Date : July 10, 2007
July 10, 2007 【Press Tour to Kashiwa-no-ha, New Hub for Health Life Science】
post date : 2013.08.24
－“Chemi-less Town” Project and
Sports Science Upgrading Preventive Care for the Elderly－
“Kashiwa-no-ha” area in Kashiwa City, Chiba Prefecture, only half an hour from Tokyo by the Tsukuba Express line that opened in 2005, is in the limelight with an aggregation of national and prefectural research facilities, including campuses of the University of Tokyo and Chiba University. With the geographical advantages of the link between Tsukuba, international hub of R&D, and Akihabara, mecca of IT industries, the area is considered to have high potential for innovation and new industries.
Currently in progress in this area are two projects focusing on a unique scientific approach to human health. “Chemi-less Town,” initiated by Chiba University, is an industry-university joint research project on the sick house syndrome, and the University of Tokyo’s Research Center for Total Life Health and Sports Sciences is working on utilizing sports science for preventive care for the elderly. Join our next press tour to cover these advanced research activities in the Kashiwa-no-ha area.
“Chemi-less Town” Project for Sick House Free Environment
In April this year, the Center for Environment, Health and Field Science established by Chiba University opened a new small “town” called Chemi-less Town. The 5-year joint project with 17 housing companies and construction materials makers is carrying out research on a housing environment that is least likely to cause sick house syndrome, from which a million people in Japan are said to be suffering.
Four model homes have been built using natural materials or with minimum use of chemicals for building materials and furniture, and in November this year, two more buildings including the environmental medical clinic of the university will be completed. From next year children with sick house syndrome and their families will be able to stay there for one week or up to several weeks if they wish, and improvements in the patients’ condition can be also checked.
The Center for Environment, Health and Field Science has already attracted attention with its Oriental Medical Clinic, opened in 2004, and it is expected that the chemi-less project may open up a new field in medicine. Welcoming this project, the Kashiwa municipal government is eager to make its public facilities chemi-less in the future.
Coping with the Super-Graying Society with Sports Science
Twice a week about 40 people with ages ranging from the 50s to the 80s come for exercise, using unique training machines at the Research Center for Total Life Health and Sports Sciences of the University of Tokyo, which opened in Kashiwa-no-ha in April 2005. The Center is headed by Professor Emeritus Dr. Kando Kobayashi, who was Chairman of the Scientific Research Committee, Japan Association of Athletics Federations, for 13 years until the 2004 Olympic Games in Athens. Dr. Kobayashi is known for his scientific approach in successfully helping to produce Japanese medalists with such machines as the Sprint Training Machine, which was originally developed when he was analyzing the running form of Carl Lewis.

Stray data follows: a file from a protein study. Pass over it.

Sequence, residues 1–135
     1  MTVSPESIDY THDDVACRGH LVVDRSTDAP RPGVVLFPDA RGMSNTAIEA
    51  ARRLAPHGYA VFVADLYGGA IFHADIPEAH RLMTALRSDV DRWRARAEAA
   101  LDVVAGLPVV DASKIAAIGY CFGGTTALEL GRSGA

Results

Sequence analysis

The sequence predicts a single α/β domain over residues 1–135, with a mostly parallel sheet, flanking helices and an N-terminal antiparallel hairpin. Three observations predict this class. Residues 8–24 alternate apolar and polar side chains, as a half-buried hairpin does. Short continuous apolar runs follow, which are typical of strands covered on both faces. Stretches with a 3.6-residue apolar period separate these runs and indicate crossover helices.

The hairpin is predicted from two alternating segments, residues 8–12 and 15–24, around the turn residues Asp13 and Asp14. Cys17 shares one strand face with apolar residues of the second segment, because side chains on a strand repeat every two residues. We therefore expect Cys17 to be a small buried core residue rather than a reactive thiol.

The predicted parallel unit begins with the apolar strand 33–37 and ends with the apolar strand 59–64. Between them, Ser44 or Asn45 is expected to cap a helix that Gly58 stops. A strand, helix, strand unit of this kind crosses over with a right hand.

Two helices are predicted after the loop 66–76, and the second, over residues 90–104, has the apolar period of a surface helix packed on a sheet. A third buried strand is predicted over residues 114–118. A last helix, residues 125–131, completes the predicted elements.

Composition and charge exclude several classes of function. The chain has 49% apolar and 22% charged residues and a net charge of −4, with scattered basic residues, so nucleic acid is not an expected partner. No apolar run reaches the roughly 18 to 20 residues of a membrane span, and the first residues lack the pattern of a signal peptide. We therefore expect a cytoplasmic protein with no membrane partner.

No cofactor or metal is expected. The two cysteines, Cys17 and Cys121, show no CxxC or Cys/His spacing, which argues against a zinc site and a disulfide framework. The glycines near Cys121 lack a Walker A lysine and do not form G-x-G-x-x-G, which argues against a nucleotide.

He has found, however, that the machine is also useful for strengthening the back and leg inner muscles, particularly the psoas major muscle, which prevents elderly people from falling and becoming bedridden. This training is also good for blood circulation in the brain and improves the functions of the cranial nerves. “Developing athletes’ ability is basically same as perking people up,” says Dr. Kobayashi.
“To-tsubo” Mini Gyms where Recovered Elderly Support Local Elderly
With this scientific data, they are now trying to place “To-tsubo (33 square meter) gyms” equipped with these special training machines installed all around the city. In these mini gyms, elderly people who have perked up after using the training machines act as instructors and help local elderly to use the machines. An NPO called the University of Tokyo Sports Health Management Study Group, in cooperation with the Kashiwa municipal government, opened four demonstration mini-gyms in October last year. Since April this year, ten “To-tsubo gyms” have formerly opened and about 500 elderly people are registered for once- or twice-a-week training courses. They are projecting the number of the mini-gyms to reach forty in the near future.
Tour itinerary and application details:
1. Itinerary (Tentative):
Tuesday, July 10
9:00 Meet at Kashiwa-no-ha Campus station, Tsukuba Express line
9:30-11:00 Visit Center for Environment, Health and Field Science, Chiba University
13:00-14:30 Visit Research Center for Total Life Health and Sports Sciences, University of Tokyo
15:00-15:45 Visit To-tsubo gyms
16:00 Disperse at Kashiwa-no-ha Campus station
2. Qualification: Bearer of Gaimusho Press Registration Card
3. Expenses: 1,000 yen per person including transportation in Kashiwa
(Expenses to and from Kashiwa-no-ha Campus station and lunch on your own.)
*FPC will inform the participants of payment methods, cancellation fee etc. later on.
4. Participants: Limited to the first 10 applicants on a first-come first-served basis.
(Only one reporter and one photographer from each company, but two
participants from each TV team will be acceptable.)
5. FPC Contact: Ms. Koizumi and Mr. Yano (Tel: 03-3501-5070, 3405)
(1) There are some restrictions on photographing and filming at the tour sites. Please follow the instructions of the officials on duty.
(2) Chiba University, the University of Tokyo, and FPC will not be liable for any inconvenience, trouble or accident that might occur in the course of the tour.